"Readers will likely be fascinated and horrified by just how extensive a toll light pollution takes on nocturnal animals. The tug-at-the-heartstrings text is accompanied by full-color photographs of animals, including a moose somberly staring at the camera and a raccoon who came out on the wrong end of a fight with a car. Text boxes and sidebars provide further information. . . This is a unique subject that might compel readers to flip the light switch at night."
"Galat writes in an approachable style, allowing the reader to accompany the narrator on a journey that reveals how light pollution affects several taxa, from bugs to birds to sea turtles. Along the way, Galat provides definition for key terms (e.g., natural light, wavelength). Plus, the book is full of beautiful photos highlighting the biology of animals and the extent of light pollution. Overall, this is a great book for the classroom and a jumping off point for students researching new areas of biology and ecology."
— National Science Teachers Association
"Impressively 'kid friendly' in tone, commentary, organization and presentation, Dark Matters: Nature's Reaction to Light Pollution is very highly recommended for family, elementary school, and community library Nature & The Environment collections and supplemental studies reading lists."
— Midwest Book Review
"Dark Matters is packed full from cover to cover with fascinating and unexpected facts and illustrations. . . Impressively 'kid friendly' in tone, commentary, organization and presentation, Dark Matters: Nature's Reaction to Light Pollution is very highly recommended for family, elementary school, and community library Nature & The Environment collections and supplemental studies reading lists.
— The Environmental Shelf
"Told through the eyes of 13-year-old Joan who loves the outdoors, readers are introduced to the fragile animals that are impacted by the disappearing darkness. Joan's curiosity is contagious as she discovers the amazing night life of frogs and bats, turtles and fireflies, birds, plants, and more. Best of all, there are tips and suggestions on how young people can help reduce light pollution."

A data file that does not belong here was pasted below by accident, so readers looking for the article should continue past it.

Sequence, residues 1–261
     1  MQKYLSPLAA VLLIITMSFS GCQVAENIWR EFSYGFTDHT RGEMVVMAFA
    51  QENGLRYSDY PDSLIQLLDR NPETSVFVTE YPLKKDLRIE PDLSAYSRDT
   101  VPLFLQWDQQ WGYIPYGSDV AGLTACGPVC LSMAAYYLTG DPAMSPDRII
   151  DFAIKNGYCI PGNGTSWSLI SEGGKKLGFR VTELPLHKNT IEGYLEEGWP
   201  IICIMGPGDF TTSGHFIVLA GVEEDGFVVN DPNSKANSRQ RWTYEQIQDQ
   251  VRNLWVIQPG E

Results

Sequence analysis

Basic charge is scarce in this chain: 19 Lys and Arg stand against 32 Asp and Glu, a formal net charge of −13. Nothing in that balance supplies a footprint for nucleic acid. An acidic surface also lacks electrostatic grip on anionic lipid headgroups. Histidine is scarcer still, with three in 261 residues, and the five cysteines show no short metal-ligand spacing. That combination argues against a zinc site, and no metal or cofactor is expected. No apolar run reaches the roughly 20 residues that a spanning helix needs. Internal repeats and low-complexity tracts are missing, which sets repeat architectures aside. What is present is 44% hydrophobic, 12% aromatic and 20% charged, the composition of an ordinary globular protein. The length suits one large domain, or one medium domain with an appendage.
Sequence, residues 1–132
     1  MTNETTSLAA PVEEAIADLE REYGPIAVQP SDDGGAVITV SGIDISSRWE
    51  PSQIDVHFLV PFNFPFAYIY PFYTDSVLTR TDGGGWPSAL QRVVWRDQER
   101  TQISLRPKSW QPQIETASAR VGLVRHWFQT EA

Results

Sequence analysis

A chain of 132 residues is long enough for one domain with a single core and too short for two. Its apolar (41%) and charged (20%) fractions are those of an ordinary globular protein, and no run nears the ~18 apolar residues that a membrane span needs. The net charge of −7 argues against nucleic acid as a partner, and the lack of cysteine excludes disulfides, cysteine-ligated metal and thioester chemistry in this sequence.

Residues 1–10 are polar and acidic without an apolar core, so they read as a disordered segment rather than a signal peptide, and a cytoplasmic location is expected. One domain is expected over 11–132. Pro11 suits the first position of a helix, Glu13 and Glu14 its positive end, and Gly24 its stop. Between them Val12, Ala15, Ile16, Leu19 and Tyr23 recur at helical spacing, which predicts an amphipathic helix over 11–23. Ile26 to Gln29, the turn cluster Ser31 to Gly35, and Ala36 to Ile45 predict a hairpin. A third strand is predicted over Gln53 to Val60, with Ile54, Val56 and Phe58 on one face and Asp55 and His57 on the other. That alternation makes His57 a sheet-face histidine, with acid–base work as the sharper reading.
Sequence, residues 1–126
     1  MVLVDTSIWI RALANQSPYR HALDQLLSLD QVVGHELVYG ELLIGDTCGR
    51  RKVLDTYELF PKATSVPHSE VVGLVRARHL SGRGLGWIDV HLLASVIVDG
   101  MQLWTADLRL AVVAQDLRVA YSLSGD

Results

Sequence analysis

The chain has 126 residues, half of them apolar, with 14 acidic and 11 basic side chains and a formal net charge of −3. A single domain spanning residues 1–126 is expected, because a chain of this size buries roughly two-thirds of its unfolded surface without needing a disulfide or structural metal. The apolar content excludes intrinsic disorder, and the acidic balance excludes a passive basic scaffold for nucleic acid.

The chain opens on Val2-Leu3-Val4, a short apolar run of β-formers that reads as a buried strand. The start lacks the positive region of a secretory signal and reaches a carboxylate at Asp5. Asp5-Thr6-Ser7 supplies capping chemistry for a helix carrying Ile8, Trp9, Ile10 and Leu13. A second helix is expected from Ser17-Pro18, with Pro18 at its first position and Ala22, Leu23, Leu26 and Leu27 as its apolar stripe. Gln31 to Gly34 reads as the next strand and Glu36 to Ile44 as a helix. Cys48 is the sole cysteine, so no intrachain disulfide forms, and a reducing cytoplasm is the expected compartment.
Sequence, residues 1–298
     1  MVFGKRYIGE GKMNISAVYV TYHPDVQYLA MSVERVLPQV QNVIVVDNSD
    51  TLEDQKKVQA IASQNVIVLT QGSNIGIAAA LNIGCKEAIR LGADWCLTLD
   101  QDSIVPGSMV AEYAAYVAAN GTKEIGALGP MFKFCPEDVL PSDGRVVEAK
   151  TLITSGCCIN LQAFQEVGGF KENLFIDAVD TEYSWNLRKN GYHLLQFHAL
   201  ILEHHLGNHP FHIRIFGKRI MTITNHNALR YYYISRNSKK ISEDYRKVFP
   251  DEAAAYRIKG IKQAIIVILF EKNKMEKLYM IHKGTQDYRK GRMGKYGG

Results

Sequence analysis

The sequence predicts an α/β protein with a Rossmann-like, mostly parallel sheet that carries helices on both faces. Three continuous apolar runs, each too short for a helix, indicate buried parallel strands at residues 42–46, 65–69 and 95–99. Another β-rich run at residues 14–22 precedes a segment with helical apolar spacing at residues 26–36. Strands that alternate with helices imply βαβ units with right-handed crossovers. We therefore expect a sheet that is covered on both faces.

— City Parent
"A great book packed with interesting facts and fun storytelling about the amazing night life of plants and animals. Young readers will also learn how they can help reduce light pollution."
"A fusion of memoir and science, Dark Matters tackles an often overlooked form of pollution. Between chronological flashbacks, which cover her early childhood interest in astronomy to choosing a career in ecology, the author explains why species like turtles, birds, insects, and even people need darkness."
— Authors for Earth Day
"Galat blends storytelling and facts to explain the impact of light pollution, from sea turtles confused by beachfront lights, to insect populations that shrink because light impairs their ability to find food, to light-intensive commercial fishing that blinds marine life. She offers fascinating insights into sometimes complex topics like how light pollution interferes with the breakdown of chemicals that form smog.
Galat shares memories, such as when on a trip to the World Trade Center in New York she found an injured bird that smashed into a window — a symptom of light pollution's impact on migratory flight paths. . . Her memories are sweet and often poetic, blended with enough facts to make them relatable for readers young or old.
— NAIT Techlife Today
"The light, amusing diary style of presentation is especially effective for the target audience. . . Photos chosen for the book are excellent. The starry night sky is used as the backdrop/theme for most pages ? very effective to tie the book together, but it will be best to read it in good light as the blue/black star-dappled image often bleeds down to partly obscure the top lines of text. . . Dark Matters is an essential book for everyone to read. We may feel somewhat powerless about the scope of air and water pollution, but we can definitely act to reduce light pollution in our immediate surroundings. Share this book with young people to help them get the message.
— CM Magazine